As of the 1 February, the Swedish Ministry of Finance launched a memorandum for consultation regarding the implementation of regulations in the EU’s directive against tax avoidance to neutralise the effects of hybrid mismatches.
Since 2013, OECD has worked to prevent tax base erosion and profit shifting in the BEPS project (Base Erosion and Profit Shifting). One of the actions within the BEPS is attributable to international tax planning, where differences in national legislation as regarding the tax treatment of companies and financial instruments (so called hybrid mismatches) are utilised.
A company can be a hybrid if the company is treated as a taxable entity of its own by one country, and at the same time is treated as a partnership taxed by another country. A financial instrument can be a hybrid instrument if it is treated as a liability in one country and as equity in the other country. These differences might lead to double non-taxation in cross-border situations.
In 2016, the EU adopted a directive against tax avoidance, which means that the EU member states coordinate the implementation of certain of OECD’s action points against BEPS, including hybrid mismatches.
On the 1 January, new tax regulations for the business sector in Sweden entered into force. As a step in the implementation of the EU’s directive against tax avoidance, a prohibition of deductions was implemented in certain cross-border situations. The new rules are limited to mismatches with hybrid companies and hybrid financial instruments, and concern only the right of deduction of interest expenditure. The scope is also limited to associated companies.
According to the memorandum, the hybrid regulations should now be extended to include further situations, as well as other expenditure than interest expenditure. The hybrid rules shall be applied (as previously) for associated companies, but also on other procedures leading to a tax benefit.
The new rules are to be implemented in a new chapter of the Income Tax Act. The rules are proposed to enter into force on the 1 January 2010, and to be applied for the first time for fiscal years beginning after the 31 December 2019.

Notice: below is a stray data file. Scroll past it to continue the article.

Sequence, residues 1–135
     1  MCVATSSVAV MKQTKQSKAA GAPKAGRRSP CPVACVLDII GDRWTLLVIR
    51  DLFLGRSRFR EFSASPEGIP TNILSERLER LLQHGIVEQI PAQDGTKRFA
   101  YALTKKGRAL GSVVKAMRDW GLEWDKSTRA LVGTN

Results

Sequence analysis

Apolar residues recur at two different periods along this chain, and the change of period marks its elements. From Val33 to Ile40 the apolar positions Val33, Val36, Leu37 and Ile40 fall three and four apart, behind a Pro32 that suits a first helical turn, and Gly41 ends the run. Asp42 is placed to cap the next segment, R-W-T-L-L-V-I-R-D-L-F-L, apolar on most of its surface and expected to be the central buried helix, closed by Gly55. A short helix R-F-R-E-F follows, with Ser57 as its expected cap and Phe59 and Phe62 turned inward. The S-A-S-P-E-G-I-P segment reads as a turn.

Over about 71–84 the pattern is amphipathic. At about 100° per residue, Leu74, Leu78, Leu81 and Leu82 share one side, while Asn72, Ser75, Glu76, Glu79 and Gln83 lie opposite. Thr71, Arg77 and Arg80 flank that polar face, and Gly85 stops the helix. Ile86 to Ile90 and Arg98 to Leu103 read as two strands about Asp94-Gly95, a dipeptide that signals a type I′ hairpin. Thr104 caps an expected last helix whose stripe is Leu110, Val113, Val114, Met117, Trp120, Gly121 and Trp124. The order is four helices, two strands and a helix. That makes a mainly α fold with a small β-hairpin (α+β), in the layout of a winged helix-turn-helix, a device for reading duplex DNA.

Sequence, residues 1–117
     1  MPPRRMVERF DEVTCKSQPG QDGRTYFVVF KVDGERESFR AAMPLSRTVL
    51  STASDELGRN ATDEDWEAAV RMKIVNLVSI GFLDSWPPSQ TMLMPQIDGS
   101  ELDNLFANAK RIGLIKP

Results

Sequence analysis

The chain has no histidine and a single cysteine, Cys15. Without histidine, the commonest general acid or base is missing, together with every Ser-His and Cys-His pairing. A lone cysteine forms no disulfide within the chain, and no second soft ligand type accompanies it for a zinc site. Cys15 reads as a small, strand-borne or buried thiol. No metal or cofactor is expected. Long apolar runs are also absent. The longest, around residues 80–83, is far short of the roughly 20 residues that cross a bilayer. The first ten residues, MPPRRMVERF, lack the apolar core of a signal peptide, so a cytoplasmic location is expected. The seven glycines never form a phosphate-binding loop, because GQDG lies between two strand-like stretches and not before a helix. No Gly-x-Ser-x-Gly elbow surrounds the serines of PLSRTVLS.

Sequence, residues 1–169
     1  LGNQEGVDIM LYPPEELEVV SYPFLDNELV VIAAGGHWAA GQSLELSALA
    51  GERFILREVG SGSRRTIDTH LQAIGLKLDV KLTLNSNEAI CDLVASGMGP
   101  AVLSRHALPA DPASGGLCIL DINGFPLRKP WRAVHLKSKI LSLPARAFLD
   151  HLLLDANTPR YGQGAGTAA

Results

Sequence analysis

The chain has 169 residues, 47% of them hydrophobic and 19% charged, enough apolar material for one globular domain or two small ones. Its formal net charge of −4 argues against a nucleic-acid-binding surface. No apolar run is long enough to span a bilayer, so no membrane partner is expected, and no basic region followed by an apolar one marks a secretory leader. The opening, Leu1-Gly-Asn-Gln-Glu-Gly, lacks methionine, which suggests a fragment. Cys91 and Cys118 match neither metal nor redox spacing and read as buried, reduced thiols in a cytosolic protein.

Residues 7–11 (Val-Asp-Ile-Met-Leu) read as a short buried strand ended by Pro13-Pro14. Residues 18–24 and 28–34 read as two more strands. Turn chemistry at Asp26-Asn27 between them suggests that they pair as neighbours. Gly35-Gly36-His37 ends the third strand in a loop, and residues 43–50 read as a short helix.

Below are examples of some of the proposed provisions:
Hybrid financial instruments
A company is not allowed to make deductions for fees paid to a company in accordance with a financial instrument, if the receiving company does not recognise the corresponding income for taxation. However, this is only valid provided that the non-taxation is due to the way Sweden and the receiving country legally classify the financial instrument or payment for tax purposes.
Contrary to previous rules, the proposed provision does not imply a limitation to interest expenditure; instead it will be expanded to include expenditure in accordance with financial instruments. In the Income tax Act or the Annual Accounts Act, a definition of the term financial instrument is missing, which means that GAAP will decide if such expenditure is treated as return on investment or equity that the rule concerns. It might, for example, be service fees, rent payments or royalty payments. Normally, depreciation, amortisations or cost for the acquisition of an asset not be included.
Hybrid entities and mismatches with permanent establishments
A company is not allowed to make deductions for expenditure paid to a company if the receiving company does not recognise the corresponding income for taxation. However, this is only valid provided that the non-taxation is due to the way Sweden and the receiving country legally classify the first company for tax purposes.
A company in Sweden might, for example, be regarded as a hybrid entity if the legal order in another country allows the foreign parent company, for tax purposes, to treat the Swedish subsidiary as a disregarded entity. In that case, the Swedish subsidiary is treated, for tax purposes, as a branch of the foreign parent company, and the taxable profit is calculated through the elimination of the transactions between the parent company and the subsidiary.